By Susan Ponting and Richard Landau
No, the sky won’t fall, but many say a seismic shift will happen in our culture as weed is set to be sold by government agencies, local shops, and online – but even that’s unclear
This week, on Wednesday October 17, 2018 recreational marijuana becomes legal across Canada. The federal legislation called, The Cannabis Act, leaves more questions than answers like, where will people be able to purchase cannabis, the impact on personal health, what’s the long term research and effects of smoking marijuana, and what the societal impact will be on Canadians and their communities.
Where information is lacking, we seem to have only conjecture.
Therefore, let’s enumerate some of the questions that many of us have since we cannot seem to find solid, verified answers.
Health and youth
The increased availability of dope will put youths at risk, that much we know.
There is evidence that the impact of marijuana and its active ingredients can be damaging to a developing brain – under the age of 25. Some studies indicate that early exposure to marijuana can lead to psychosis, depression, and some medical professionals say, addiction. Despite this, the federal government has set the minimum legal age at just 18 years old. All provinces and territories except Alberta and Quebec have raised the age to 19 to align with the legal age limit for alcohol. Quebec’s premier-designate Francoise Legault campaigned on raising the legal age to 21.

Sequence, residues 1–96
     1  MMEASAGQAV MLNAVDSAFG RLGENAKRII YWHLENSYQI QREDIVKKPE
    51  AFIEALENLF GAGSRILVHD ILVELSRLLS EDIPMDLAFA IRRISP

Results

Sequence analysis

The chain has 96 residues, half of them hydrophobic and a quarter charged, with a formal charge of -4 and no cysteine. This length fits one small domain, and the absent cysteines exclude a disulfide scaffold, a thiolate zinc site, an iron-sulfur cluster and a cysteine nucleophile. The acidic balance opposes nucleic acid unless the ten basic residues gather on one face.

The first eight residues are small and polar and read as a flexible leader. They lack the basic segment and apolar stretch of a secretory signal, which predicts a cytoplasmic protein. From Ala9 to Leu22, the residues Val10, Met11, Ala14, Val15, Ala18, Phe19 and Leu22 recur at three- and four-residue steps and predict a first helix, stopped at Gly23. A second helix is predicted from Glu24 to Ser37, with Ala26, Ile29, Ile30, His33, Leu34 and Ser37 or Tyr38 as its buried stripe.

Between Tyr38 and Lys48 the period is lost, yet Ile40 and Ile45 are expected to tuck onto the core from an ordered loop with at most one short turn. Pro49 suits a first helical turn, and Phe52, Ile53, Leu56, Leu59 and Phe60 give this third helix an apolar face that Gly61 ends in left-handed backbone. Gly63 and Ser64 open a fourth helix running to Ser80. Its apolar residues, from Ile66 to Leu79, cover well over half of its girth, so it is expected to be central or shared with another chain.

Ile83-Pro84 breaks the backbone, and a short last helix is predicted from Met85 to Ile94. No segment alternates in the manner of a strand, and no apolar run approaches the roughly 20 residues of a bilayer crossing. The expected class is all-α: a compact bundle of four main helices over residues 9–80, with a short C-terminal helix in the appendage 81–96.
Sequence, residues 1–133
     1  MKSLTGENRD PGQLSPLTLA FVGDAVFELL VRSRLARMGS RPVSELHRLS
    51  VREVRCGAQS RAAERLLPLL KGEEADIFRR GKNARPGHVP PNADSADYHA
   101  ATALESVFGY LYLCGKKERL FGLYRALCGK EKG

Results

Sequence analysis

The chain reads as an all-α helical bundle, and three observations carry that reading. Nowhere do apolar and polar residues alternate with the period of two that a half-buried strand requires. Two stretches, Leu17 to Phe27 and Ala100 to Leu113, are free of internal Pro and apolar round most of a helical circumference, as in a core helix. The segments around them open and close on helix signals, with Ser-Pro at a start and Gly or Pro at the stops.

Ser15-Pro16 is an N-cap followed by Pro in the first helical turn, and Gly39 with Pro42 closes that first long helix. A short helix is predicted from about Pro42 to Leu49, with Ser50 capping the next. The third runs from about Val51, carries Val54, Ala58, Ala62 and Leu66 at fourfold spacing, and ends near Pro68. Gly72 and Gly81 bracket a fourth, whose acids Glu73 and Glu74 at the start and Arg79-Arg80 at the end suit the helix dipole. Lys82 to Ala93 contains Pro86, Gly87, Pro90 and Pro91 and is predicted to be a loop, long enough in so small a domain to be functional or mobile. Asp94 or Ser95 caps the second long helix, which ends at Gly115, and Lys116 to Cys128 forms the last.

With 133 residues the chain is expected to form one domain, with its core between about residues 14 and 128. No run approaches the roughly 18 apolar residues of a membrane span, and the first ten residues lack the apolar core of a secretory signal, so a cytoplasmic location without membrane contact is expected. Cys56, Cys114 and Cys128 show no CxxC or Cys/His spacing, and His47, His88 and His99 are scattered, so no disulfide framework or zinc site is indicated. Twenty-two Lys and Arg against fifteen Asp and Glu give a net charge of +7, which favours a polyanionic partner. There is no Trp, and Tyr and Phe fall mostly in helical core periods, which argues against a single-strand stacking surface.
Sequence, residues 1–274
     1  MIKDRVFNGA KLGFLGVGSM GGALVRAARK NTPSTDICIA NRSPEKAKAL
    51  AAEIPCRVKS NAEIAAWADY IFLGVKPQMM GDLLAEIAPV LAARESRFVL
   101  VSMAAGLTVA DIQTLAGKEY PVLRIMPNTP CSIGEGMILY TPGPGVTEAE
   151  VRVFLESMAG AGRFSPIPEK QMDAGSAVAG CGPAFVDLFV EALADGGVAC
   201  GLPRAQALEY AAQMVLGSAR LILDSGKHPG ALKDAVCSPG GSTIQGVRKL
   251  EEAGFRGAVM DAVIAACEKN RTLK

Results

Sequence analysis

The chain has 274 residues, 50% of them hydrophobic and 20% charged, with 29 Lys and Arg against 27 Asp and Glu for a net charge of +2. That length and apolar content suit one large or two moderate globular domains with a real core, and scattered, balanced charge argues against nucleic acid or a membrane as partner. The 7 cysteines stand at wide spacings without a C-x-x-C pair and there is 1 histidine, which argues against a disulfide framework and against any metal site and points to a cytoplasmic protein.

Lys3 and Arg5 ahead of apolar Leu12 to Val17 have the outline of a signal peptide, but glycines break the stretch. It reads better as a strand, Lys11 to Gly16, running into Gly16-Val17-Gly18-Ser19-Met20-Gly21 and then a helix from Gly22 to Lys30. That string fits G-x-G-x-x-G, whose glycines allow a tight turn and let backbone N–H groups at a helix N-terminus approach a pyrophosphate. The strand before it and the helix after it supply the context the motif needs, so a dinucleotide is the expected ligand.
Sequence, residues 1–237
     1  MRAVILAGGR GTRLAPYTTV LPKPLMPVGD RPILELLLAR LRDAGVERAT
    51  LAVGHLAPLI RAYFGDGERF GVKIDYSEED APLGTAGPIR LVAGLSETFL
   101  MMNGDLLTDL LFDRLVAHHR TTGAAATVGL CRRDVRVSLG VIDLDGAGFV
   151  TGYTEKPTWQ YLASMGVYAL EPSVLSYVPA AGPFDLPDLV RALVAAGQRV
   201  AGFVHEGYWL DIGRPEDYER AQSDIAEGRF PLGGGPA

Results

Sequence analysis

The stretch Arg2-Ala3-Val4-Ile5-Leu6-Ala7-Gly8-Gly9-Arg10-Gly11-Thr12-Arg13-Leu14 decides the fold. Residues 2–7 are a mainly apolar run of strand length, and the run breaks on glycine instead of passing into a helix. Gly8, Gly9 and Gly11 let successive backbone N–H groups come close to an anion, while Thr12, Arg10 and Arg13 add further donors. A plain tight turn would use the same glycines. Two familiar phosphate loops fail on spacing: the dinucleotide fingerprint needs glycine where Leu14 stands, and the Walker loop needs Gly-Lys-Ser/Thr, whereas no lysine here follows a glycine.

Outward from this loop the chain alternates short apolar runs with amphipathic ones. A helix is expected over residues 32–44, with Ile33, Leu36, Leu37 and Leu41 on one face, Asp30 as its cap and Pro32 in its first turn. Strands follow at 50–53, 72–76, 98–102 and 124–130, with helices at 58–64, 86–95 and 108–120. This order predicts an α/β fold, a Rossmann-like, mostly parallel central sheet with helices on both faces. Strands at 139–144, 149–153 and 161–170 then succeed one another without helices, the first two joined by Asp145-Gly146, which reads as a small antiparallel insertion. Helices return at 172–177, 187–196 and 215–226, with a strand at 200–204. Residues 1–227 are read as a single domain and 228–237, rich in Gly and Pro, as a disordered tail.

Dr. Lucinda McQuarrie, a medical doctor in British Columbia, says marijuana has many risks – and deeply affects our coping mechanisms, “When you look at the risk profile – there is great potential for side effects. It is difficult to really know what you’re getting when you take it. The biggest risk for teens is mental health. Your brain is continuing to develop until age 25. Some of the most critical brain developments peak during this time.”
In the rush to change the law, there has been little or no attention to developing a school curriculum that addresses the use of marijuana and long-term side effects.
But the federal government has put new laws in place that would criminally charge anyone who sells or gives pot to a minor with a penalty of up to 14 years in jail. But will that be enough to keep marijuana out of the hands of our youth?
Mental health questions